Seismology Research (Chief Scientist Vlog)

Natural Resources Canada’s Chief Scientist Donna Kirkwood talks to seismologist John Cassidy and student Jeremy Gosselin about earthquakes-related research.

Transcript

Donna:

How about we start off by chatting a bit about what seismology is all about?

John:

“Seismo” is a Greek word meaning earthquakes, and so seismology is the study of earthquakes. And it’s the study of wave propagation through the earth.

Donna:

Can you talk a bit about some of these seismic events or earthquakes that occur in Canada?

John:

Of the 5000 earthquakes each that we record each year, and locate, about just under 100 are felt. And so once an earthquake is felt then people want to know: What has happened, what can I expect? Could we expect a tsunami or damage from this earthquake? So we do provide information very quickly after any of these felt earthquakes – or significant earthquakes, because of course because the data from our monitoring network comes in both to Ottawa and to here to Sidney (BC) in real time.

Donna:

What would you say are your proudest moments or your greatest achievements?

John:

One of the greatest achievements, and it’s had a global impact, is understanding subduction zones in earthquakes, which is where the worlds largest earthquakes occur. So subductions zones are where the ocean plate is being pushed beneath the continent, like it is right here in Sidney. This is where the magnitude 9 earthquakes occur around the world. So Japan, Alaska, Chile, Mexico and here in Southwestern British Columbia.

So when I was a grad student 30 years ago, we didn’t realize that subduction zone earthquakes – the big magnitude 9s – occurred off of our coast. And over the course of 25 years of research that included people around the world, in fact, different types of data, we now know that those magnitude 9 earthquakes do occur just off of our coast. We know how big they can be, we know how often they occur. We can map out today what the energy is being stored for the next one. We can generate models of the shaking we can expect and the shaking we can expect and the tsunami we can expect. So all of this research has now been folded into our building codes, our bridge codes and is being used by emergency managers.

Personally, what I’m proudest of, has been my students. They are doing terrific science around the world and all across Canada, including the work that Jeremy Gosselin has been doing both here and out west for his PhD program at the University of Ottawa. I’m incredibly proud of my grad students over the years.

Donna:

Okay, thanks a lot. And I think we’ll be highlighting the work that Jeremy has been doing with Natural Resources Canada. So stick around and look out for Jeremy’s work on Simply Science. Thanks John.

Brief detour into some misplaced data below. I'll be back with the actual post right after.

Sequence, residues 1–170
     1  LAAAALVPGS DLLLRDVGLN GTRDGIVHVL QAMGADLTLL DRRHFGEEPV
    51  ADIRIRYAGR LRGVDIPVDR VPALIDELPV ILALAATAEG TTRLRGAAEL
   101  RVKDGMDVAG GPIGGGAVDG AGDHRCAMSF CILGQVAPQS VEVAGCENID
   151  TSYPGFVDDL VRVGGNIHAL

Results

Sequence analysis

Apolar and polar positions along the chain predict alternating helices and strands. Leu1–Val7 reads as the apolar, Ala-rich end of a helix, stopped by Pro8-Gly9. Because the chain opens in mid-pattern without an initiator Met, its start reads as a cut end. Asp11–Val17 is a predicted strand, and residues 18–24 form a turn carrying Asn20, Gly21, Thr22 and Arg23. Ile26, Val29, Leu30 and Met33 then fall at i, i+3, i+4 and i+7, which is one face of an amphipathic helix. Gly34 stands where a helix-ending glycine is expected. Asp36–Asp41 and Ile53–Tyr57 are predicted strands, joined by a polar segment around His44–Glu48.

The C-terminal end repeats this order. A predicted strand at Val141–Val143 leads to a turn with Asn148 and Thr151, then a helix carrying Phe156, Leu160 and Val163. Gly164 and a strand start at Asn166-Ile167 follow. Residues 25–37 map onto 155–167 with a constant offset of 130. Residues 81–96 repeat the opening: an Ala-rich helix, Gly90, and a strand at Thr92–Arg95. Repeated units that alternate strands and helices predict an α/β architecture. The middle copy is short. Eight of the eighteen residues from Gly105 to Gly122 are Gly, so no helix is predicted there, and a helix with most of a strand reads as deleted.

Jeremy:

Hi, I’m Jeremy Gosselin. I’m a PhD student at the University of Ottawa studying seismology. I’m a former graduate student of John Cassidy at Natural Resources Canada and I’m standing here in the Advanced Research Complex at the University of Ottawa where a lot of cutting-edge research is being done in fields like photonics and earth sciences.

I’d like to talk about why it’s important for us to estimate soil conditions when we’re considering seismic hazards. To help illustrate my point, I put together a short computer simulation that I’d like to show you.

Imagine two structures located near an earthquake. The first structure is built on bedrock and the second structure is built on soil. As seismic waves that are released from the earthquake encounter soil, they’ll actually slow down and amplify. Those seismic waves will also begin to bounce around within the soil layer and resonate. What happens is that the structure that is built on soil will actually experience a much longer duration and a much more severe level of shaking during an earthquake, compared the structure that was built on bedrock, all other factors being equal.

If engineers know what the soil conditions are at a particular site, they can anticipate the level and severity of this seismic amplification and resonance and they can incorporate that information into safe building practices and safe building design for a particular site condition.

My research with John Cassidy and Natural Resources Canada focussed on developing new methods to estimate soil conditions using recordings of ambient or background seismic noise. These methods are really nice because they’re non-invasive, non-disruptive and relatively inexpensive to implement.

We used these methods to estimate the soil conditions at several locations within the town of Kitimat, British Columbia. This is a region that’s experiencing a large number of major infrastructure development proposals. Our new methods are useful for engineers or geoscientists who are interested in quantifying or estimating soil conditions in different regions. And our findings on the soil conditions in Kitimat are useful for engineers or municipal officials, so they can take that information and incorporate that into safe building practices.

I’ve had a great experience working with Natural Resources Canada and I hope to continue to conduct research with them in the future.

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